As I had mentioned in my posts about my morning routine and my evening routine, reading books is something important to me. This has been mostly the case for a few years now, but especially since Corona is a thing and I was able to establish very stable routines in my days.
When Do I Read?
I currently read, I would say, around 45 to 60 minutes per day (that’s deliberate time for reading books, not like articles on the internet or “reading” Twitter). That’s about 15 to 30 minutes as part of my morning routine, and about 30 minutes as part of my evening routine.
If there are circumstances that prevent my from starting my evening routine on time (like friends coming over - not that that’s happening very often nowadays…), it usually cuts into my reading time, but I always read at least a little bit, even if it’s just one chapter.
Admittedly, it’s hard to keep this up when I’m not at home. In September, I traveled inside of Germany for about a week and wasn’t really able to keep my routines going. But since I’m spending almost all my time at home now, my routines are so ingrained that it was easy to pick right back up where I left off after coming back home.
How Do I Read?
With this question, I don’t really mean a specific reading technique, or speed reading or anything. But what I wanted to mention is taking notes while reading. For non-fiction books, especially those where I want to apply the things to my own life, I keep an A4 piece of paper folded twice inside the book and stick a pen on it. While reading, I take more or less detailed notes about the contents. Depending on the topics and length of chapters, I either write things down right when I read, or I do it after finishing a whole chapter. Usually, it is a combination of quotes, my own notes, and occasionally opinions on the things in the book. In the end, I have a couple of those A4 papers full of my notes, and it’s much easier to find certain things and go through the book again without reading the whole thing. I also noticed that I tend to remember much more if I have taken notes while I read a book.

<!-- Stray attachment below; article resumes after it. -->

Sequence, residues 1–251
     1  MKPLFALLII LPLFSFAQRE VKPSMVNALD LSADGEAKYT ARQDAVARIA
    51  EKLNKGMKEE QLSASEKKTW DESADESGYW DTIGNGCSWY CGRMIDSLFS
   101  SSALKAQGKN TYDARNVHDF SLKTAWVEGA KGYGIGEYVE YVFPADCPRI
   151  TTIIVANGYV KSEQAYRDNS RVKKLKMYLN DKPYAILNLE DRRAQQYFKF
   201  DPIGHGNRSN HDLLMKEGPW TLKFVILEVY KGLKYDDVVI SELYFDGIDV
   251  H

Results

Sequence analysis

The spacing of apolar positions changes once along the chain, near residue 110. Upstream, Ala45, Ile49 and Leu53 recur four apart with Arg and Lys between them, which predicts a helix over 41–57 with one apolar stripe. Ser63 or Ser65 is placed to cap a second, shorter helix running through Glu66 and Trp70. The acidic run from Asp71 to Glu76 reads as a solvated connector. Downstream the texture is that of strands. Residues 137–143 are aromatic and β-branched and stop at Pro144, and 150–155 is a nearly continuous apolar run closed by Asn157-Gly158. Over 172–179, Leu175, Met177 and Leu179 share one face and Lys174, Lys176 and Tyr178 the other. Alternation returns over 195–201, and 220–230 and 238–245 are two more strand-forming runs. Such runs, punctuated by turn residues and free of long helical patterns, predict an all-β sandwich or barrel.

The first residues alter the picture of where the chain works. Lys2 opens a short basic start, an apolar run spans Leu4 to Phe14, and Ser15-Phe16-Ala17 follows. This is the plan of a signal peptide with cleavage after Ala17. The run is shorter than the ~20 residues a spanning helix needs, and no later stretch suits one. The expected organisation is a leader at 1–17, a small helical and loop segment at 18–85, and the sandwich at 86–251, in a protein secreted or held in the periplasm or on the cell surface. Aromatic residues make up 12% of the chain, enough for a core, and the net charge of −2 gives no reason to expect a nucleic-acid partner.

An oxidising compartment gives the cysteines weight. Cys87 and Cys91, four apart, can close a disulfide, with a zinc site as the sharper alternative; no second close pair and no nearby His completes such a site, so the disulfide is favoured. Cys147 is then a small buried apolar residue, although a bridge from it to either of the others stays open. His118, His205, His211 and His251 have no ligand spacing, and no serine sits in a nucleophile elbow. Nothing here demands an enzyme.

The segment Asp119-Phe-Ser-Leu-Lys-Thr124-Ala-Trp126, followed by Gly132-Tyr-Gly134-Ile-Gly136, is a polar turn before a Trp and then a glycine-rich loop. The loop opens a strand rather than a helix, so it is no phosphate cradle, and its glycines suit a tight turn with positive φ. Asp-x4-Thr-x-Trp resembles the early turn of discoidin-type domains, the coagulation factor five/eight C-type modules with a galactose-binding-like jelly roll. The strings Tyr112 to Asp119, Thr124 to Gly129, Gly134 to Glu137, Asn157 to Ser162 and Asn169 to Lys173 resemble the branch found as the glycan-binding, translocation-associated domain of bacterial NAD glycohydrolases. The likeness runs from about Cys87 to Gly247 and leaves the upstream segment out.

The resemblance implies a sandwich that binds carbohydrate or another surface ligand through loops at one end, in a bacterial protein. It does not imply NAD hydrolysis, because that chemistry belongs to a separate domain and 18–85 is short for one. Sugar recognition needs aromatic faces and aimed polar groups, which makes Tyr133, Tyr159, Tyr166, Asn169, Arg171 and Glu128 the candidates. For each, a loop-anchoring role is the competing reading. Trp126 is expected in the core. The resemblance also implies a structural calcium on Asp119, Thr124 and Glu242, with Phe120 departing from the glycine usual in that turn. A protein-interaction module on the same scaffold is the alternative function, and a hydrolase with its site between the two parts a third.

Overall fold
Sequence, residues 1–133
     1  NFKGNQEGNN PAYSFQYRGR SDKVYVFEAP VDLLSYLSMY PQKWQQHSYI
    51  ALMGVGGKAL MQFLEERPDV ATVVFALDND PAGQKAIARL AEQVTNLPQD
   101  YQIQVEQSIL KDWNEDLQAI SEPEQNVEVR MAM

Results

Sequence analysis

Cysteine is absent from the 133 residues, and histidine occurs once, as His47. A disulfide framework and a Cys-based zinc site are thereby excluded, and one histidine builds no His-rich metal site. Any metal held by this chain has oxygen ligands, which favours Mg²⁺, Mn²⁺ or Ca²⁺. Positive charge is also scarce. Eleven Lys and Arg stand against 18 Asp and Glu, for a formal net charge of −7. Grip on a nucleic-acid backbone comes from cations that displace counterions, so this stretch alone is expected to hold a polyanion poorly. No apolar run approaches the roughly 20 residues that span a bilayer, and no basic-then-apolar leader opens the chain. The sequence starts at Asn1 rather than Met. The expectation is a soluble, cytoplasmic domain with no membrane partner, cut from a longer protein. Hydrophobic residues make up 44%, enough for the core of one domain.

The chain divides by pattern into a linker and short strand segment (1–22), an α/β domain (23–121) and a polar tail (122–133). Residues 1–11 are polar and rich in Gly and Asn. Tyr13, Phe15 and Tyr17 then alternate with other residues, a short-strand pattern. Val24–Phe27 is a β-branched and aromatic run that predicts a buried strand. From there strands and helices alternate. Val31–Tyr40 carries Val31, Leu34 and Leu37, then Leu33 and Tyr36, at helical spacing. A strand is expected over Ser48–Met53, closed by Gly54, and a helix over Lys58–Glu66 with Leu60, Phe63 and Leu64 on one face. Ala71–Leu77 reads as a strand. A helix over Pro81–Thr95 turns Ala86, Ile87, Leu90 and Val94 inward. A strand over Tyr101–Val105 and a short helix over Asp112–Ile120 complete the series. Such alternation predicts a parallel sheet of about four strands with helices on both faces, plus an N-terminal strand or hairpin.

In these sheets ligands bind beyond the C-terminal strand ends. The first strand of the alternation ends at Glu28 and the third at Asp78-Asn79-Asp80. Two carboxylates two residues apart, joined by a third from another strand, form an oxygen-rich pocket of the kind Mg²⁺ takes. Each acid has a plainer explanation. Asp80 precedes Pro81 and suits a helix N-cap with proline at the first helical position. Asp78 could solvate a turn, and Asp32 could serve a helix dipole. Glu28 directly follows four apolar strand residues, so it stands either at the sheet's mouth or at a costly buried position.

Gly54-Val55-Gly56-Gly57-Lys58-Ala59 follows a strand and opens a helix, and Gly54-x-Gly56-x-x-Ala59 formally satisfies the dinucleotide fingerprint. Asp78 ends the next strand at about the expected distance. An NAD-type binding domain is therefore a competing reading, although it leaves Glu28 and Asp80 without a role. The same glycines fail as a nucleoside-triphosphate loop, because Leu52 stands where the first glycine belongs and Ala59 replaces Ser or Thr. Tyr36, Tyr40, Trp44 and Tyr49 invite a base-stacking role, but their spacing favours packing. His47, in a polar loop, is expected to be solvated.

The other “how” I can talk about is physical vs. digital books. For quite a long time, I was an e-reader advocate. A Kindle is smaller and lighter than almost any book, but can hold as many books as you want (basically). And during that time, I didn’t mind reading on a Kindle vs. paper (the Kindle I have is an old one without backlight). But for some reason, when I came back from Japan in March 2020, I had the urge to get physical books again. And I noticed that it is easier for me to keep up the reading habit if I have the book in my hands. Physical books are also nice to hold and they have something cosy about them. So since March 2020, almost all books I have read were physical books. I try to buy them used, but admittedly, some of them are from evil Amazon as well.
Why Do I Read?